To Hangover Hell and back

Is Training With A Hangover A Good Idea?

Hello hangover, how long are you staying with me this time?

Ease up!

Are you caught in the vortex of alcohol? Depending on the number of drinks, the aftertaste could stay for a damn 72 hours, although the norm subsides within 24 hours. But are there any hangover side effects that could be avoided? Could exercise the day after help you out of the rabbit hole? Here are some bottomline notes on this highly triggering matter:

We are not keen on promoting alcohol, but the feeling of an ice cold beer or a delicate glass of wine once in a while is pretty epic. Many in our community of runners treat themselves to a drink after a race or heavy weekend exercise.
While the ethanol molecules freely surfs the bloodstream waves into the nerve cells of the brain, we experience pure pleasure. This ramble blocks certain frontal lobe functions that control impulse and inhibition, motor pathways become overactive, and blood sugar is processed less efficiently in the brain. And sooner or later the chill pill experience kicks in - when the molecules enter the membranes of the nerve cells. Another drink, please?!
But many times the joyride turns into a bum trip. Alcohol is after all a toxic substance. Fact. The intoxication of the brain, the heart, the kidneys and the liver, as well as the mucosa (lining of the stomach) and the blood vessels reveals the true nature of booze. It negatively affects various regulatory and hormonal systems and leaves us with a muddy motor response and overall crappy vibe.
The wingding feeling of being stuck in quicksand depends on many things: how much alcohol that was consumed, the state of your liver, medications, gender, ethnicity, age, lack of sleep, nutritional status and of course how dehydrated you became.

Sure, a few side effects could be prevented. B6 intake the day before, a good sleep, a steady meal and plenty of water. But is there a way to treat a hangover? Could you cure a pounding head caused by alcohol? British scientists who recently studied nearly two dozen trials of “cure products” say NO. “For now, the surest way of preventing hangover symptoms is to abstain from alcohol or drink in moderation” says lead author Dr. Emmert Roberts, a clinical research fellow at King’s College London.
As for working out when sick, there are a lot of rumors and different theories about whether exercising with a hangover is a good idea or not. But the only truth and mantra to keep for foggy days is: listen to your body! We are built to move. It’s always a good idea to exercise. But alcohol puts stress on the body and there are ways of doing it better “the day after”:

Time heals: schedule your workout later in the day when you’ve had more time to heal, rehydrate, and recover. A hard workout can put even more stress on your body and worsen dehydration.

Sleeeeeeep: the best recovery possible. Read more on sleep benefits here.

Light workout for symptom relief: a light workout reduces the production of the stress hormone cortisol - which intensifies the effect of alcohol in the brain - while releasing the positive hormones dopamine, serotonin, oxytocin and endorphins. Moderate exercise also increases blood flow, recovers nervous and circulation systems and loosen your joints and muscles. It will for sure brighten up your day, but won’t help the body metabolize alcohol any faster. What is a light workout? Depends. But walking, yoga, pilates and slow jogging is a good bet.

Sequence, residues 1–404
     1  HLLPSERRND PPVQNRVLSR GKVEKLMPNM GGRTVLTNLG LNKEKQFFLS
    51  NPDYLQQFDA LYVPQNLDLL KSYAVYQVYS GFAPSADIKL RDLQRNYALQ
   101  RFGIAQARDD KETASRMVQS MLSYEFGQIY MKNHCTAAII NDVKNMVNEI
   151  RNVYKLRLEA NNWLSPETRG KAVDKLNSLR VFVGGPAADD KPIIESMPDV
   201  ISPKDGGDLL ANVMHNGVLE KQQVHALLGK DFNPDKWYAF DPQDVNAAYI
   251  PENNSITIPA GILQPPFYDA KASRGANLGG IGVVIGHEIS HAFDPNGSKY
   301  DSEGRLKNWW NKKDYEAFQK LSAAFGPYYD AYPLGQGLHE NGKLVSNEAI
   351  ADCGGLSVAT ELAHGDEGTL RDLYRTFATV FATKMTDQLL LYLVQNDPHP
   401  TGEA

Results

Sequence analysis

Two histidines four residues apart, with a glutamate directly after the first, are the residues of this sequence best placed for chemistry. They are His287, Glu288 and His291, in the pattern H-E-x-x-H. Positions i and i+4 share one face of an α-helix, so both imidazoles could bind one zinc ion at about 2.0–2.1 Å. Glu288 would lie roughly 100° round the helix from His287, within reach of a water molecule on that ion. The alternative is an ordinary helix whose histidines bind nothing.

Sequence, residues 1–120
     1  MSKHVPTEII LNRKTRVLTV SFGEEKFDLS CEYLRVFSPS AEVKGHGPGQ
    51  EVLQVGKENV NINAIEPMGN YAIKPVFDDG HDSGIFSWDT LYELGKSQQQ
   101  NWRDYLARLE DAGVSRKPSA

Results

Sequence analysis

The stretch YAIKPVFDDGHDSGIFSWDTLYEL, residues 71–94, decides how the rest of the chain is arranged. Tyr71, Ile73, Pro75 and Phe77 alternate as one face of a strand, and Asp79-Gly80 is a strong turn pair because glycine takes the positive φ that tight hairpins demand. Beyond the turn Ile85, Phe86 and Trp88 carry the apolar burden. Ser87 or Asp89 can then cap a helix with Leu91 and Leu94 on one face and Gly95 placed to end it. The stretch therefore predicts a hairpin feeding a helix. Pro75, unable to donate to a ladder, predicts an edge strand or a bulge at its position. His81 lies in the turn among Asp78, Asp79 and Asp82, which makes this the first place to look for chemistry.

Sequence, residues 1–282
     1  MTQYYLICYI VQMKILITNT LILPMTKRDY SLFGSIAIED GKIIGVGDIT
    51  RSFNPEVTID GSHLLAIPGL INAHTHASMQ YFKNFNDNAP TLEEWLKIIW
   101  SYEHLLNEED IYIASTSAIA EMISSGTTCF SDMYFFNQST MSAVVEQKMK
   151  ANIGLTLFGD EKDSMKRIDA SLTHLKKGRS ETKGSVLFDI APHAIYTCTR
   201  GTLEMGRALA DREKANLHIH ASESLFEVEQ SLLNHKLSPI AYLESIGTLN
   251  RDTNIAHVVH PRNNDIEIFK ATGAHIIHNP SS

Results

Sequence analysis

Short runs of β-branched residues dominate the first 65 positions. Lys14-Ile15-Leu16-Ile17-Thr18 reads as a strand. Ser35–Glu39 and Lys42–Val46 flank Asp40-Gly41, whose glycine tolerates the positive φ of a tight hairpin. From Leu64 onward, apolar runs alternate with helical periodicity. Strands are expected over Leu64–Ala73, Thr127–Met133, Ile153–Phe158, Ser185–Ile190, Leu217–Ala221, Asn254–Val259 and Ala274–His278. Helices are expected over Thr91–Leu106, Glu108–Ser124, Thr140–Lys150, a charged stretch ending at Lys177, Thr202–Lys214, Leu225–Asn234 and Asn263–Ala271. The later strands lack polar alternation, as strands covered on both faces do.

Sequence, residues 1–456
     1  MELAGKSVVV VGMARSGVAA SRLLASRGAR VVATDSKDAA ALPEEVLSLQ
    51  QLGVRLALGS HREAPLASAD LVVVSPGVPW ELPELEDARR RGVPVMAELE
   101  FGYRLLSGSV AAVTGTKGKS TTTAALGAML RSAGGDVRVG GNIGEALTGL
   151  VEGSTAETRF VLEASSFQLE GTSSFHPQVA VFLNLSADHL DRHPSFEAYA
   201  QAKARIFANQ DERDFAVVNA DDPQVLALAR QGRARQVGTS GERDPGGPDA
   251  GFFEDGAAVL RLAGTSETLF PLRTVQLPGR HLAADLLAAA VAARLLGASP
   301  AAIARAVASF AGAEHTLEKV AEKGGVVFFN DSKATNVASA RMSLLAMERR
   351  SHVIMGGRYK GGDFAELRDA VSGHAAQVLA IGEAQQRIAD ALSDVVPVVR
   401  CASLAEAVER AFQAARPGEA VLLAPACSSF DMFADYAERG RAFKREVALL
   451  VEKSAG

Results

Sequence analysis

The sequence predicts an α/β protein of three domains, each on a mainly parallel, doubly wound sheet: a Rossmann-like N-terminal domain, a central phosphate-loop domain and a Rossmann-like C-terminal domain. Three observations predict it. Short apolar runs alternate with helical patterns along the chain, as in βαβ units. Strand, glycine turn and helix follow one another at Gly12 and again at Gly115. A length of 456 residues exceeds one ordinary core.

Run outside: get a vitamin D boost and some fresh air by taking a walk or a slow run outdoors. Always helps.
Fight fire with fire? Naaah, quite the opposite. Avoid anything intense, team sports and cycling. Partly because sweating leads to dehydration, also due to weakened motoric skills (balance, coordination and precision) that increase the risk of injury (for you and others), and for the reason that your ability to build muscle is negatively affected and interrupted. You burn fewer calories and get 75% less muscle synthesis and fat oxidation because the alcohol prevents your body from using its natural energy source: glucose.

Eat! Although the food might pop right back up again, keep on trying. Fruits and vegetables can help replace any nutrients that were depleted by alcohol. Especially watermelon, cucumber and bananas. Also, food rich in Vitamin B6 and starch like potatoes and chickpeas.

Avoid further dehydration: Sweat and vomit, certain antihistamines, blood pressure medicines, laxatives, diuretics and chemotherapies can cause dehydration. Coffee, tea, soda, energy drinks and alcohol are diuretic and increase urine production. Find instead drinks that contain small amounts of sugar, as well as sodium and potassium (electrolytes), which help promote water retention in the body, like coconut water and fruit smoothies.

Don’t panic: research suggests that moderate drinking won’t significantly interfere with your fitness goals. A recent study found no difference in fitness and strength between participants who regularly had alcohol (around a drink per day for women and two a day for men) and those who didn’t. We wouldn’t recommend drinking on a daily basis, due to many reasons, but once in a while if you enjoy it, why not!?
And remember, while you’re driving in a frenzy on Hangover Highway, just go with the flow, notice your surroundings and try to enjoy the clouds on the horizon. After all, they do carry silver linings!